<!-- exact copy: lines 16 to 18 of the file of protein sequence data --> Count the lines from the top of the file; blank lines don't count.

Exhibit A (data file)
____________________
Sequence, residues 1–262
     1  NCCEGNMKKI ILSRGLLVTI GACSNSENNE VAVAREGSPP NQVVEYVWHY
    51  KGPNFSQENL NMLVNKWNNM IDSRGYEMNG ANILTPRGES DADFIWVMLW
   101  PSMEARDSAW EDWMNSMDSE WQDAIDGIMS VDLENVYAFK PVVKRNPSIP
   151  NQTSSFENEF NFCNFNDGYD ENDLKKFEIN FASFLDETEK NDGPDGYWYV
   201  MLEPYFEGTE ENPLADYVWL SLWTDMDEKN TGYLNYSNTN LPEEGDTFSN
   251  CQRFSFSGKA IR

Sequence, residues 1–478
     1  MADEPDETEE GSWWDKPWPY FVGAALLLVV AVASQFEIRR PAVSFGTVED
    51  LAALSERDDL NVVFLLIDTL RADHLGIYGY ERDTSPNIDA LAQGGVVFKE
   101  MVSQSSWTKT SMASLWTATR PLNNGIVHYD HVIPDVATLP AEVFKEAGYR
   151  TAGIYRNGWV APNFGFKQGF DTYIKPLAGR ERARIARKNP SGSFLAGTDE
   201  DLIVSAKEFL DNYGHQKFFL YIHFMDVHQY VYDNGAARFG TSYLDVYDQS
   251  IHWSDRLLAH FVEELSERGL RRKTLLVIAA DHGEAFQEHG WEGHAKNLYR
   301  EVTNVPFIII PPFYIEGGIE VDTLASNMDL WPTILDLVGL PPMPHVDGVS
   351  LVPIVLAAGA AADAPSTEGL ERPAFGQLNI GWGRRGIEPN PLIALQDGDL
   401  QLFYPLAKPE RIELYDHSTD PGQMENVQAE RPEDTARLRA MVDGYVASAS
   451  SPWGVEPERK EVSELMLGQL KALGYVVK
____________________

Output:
   351  LVPIVLAAGA AADAPSTEGL ERPAFGQLNI GWGRRGIEPN PLIALQDGDL
   401  QLFYPLAKPE RIELYDHSTD PGQMENVQAE RPEDTARLRA MVDGYVASAS
   451  SPWGVEPERK EVSELMLGQL KALGYVVK